Two long-standing members of the board of directors for Maine’s child welfare ombudsman have resigned, saying the Maine Department of Health and Human Services is not receptive to the office that is supposed to oversee it.
Maine’s child welfare system was thrust back into the spotlight last month following the deaths of four children under the age of 4. The recent deaths follow attempts to reform Maine’s child welfare system after two high-profile child deaths in 2017 and 2018, though some advocates say those efforts have been insufficient.
In a resignation letter shared with the Bangor Daily News, Allie McCormack and Ally Keppel, both former members of the Board of Directors of the Maine Child Welfare Services Ombudsman, argued that Maine DHHS was resistant to the ombudsman’s work and findings, while faulting the Legislature for failing to take action to fix what they see as systemic problems within the agency.
“Another legislative session has gone by without any significant changes, and the newspaper articles reporting multiple child deaths involving some degree of DHHS involvement have arrived as feared,” the pair wrote. “Processes created following the death of Logan Marr in 2001, including the Ombudsman, have clearly been ineffective in influencing DHHS, who essentially ignores or actively resists Ombudsman findings.”
The child welfare services ombudsman board of directors is a volunteer group that offers general policy suggestions to the office, though its members do not have access to confidential information about individual child welfare cases. McCormack and Keppel had both served on the board for eight years.
In their letter, the pair alleged that Ombudsman Christine Alberi often found out about the deaths of children who had been involved with DHHS at the same time as the public. They characterized Maine DHHS as resistant to external review, saying a state legislator had to get involved before the ombudsman’s office was able to review the deaths of 10-year-old Marissa Kennedy in 2018 and 4-year-old Kendall Chick in 2017. In both cases, Maine DHHS had been notified of concerns about the children’s welfare prior to their deaths.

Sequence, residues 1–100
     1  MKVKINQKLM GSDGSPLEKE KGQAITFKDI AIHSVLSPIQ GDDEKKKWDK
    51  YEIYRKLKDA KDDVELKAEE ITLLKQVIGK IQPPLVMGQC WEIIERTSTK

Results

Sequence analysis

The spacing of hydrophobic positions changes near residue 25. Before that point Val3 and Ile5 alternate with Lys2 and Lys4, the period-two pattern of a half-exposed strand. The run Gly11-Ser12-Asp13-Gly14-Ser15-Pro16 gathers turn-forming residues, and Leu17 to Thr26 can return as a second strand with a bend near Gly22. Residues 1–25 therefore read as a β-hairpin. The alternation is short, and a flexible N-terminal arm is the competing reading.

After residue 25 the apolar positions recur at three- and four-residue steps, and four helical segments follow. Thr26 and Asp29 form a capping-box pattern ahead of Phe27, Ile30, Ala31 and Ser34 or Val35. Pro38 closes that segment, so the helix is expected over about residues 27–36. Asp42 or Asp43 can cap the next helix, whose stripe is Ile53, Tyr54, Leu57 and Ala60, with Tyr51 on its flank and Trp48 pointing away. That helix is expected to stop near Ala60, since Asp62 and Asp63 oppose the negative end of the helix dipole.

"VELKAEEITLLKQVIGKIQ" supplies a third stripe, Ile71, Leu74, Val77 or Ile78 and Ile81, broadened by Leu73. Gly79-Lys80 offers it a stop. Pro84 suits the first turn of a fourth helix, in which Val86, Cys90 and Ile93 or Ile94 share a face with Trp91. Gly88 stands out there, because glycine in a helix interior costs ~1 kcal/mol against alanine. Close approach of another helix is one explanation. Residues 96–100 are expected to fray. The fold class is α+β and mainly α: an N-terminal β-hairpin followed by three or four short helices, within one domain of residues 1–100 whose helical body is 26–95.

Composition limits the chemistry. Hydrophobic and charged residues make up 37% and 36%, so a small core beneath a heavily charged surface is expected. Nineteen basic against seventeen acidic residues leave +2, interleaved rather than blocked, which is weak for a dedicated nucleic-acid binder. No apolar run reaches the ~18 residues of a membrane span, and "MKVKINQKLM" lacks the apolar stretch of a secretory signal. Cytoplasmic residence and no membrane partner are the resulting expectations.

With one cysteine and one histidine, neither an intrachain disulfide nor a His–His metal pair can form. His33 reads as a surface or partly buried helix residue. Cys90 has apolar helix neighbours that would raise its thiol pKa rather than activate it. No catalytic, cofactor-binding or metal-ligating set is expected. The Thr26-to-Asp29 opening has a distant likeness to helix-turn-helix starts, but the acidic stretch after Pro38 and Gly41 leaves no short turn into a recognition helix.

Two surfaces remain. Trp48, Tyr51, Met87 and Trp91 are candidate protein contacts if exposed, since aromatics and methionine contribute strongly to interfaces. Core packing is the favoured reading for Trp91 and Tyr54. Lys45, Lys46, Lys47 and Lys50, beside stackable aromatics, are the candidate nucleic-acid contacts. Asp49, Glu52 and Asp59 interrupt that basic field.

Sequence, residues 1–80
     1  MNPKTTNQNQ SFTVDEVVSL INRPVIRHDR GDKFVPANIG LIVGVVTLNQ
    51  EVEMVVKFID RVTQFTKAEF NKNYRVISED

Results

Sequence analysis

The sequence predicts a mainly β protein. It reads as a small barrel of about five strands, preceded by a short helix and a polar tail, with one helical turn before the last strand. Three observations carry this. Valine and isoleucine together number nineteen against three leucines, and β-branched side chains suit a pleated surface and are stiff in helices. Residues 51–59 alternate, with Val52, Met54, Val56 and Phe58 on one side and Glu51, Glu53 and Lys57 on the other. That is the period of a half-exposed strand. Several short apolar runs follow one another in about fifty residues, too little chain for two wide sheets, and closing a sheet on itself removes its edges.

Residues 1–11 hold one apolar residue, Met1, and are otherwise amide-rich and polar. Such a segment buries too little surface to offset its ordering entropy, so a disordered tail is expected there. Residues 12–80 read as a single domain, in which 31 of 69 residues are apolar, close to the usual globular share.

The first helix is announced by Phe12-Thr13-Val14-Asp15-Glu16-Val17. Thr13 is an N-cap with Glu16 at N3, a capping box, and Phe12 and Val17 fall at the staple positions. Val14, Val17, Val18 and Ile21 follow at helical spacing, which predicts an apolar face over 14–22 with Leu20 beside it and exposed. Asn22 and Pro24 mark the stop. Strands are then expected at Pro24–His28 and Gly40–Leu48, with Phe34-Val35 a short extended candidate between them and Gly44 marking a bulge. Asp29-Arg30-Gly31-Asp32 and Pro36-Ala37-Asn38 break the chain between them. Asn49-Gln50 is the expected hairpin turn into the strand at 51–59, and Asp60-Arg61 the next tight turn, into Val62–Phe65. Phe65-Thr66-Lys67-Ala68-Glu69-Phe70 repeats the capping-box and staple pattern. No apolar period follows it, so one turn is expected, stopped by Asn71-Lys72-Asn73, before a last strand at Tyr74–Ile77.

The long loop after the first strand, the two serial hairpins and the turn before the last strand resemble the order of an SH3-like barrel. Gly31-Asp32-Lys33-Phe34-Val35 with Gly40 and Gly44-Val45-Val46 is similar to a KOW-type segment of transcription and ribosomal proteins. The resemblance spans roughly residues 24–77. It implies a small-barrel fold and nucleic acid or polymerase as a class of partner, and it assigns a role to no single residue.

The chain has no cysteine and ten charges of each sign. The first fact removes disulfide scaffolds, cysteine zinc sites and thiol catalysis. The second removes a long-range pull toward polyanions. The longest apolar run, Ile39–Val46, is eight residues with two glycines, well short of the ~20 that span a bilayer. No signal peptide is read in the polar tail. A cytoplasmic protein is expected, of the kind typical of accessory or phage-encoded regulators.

The state has increased funding for the ombudsman’s office since then, McCormack noted in an interview. But he said lawmakers had failed to address larger problems with the system, including reluctance from DHHS to turn cases over to the ombudsman for review or listen to its recommendations.
“I don’t believe there’s evil people involved,” McCormack said. “I just think it’s a bureaucracy that just is not capable of addressing systemic issues in a way that they need to be addressed.”
He said board members anticipated more child deaths because they saw the reforms as insufficient. In Brewer, Ronald Harding was charged with manslaughter last month after his 6-week-old infant was shaken to death. In Old Town, Hillary Goding was charged with manslaughter in the death of her 3-year-old daughter, Hailey Anne Goding. In Temple, a child died of a self-inflicted gunshot wound.
In Stockton Springs, Jessica Williams was arrested for murder in June following the death of her 3-year-old son, Maddox Williams. Police told Maine DHHS at least twice that Maddox Williams was being neglected prior to his death. The agency had placed him with his mother, Jessica Williams, following his father’s arrest in March, according to a police affidavit.
Maine DHHS said last month that it would bring in Casey Family Programs, a national organization focused on reducing the need for foster care, to review all four cases. Alberi said her office plans to investigate three of the four deaths as well.
The ombudsman has conflicted with DHHS in the past. In 2019, the office found major issues with how the state handled nearly 40 percent of cases that it examined, saying that changes implemented in the wake of high-profile deaths were sometimes unnecessary or implemented at the wrong pace.
In a statement Monday, Maine DHHS spokesperson Jackie Farwell said the agency “will continue to provide the Ombudsman with as much information as possible on the subset of cases her office chooses to review.” In addition to the Ombudsman’s office, she noted, cases are subject to review by the Child Death and Serious Injury Review Panel, the Maine Child Welfare Advisory Panel and the Maine Justice for Children Task Force.
“We take seriously our responsibility as a state and as a society to do all we can to help children grow up safe and ensure they have the love and attention they need,” Farwell said.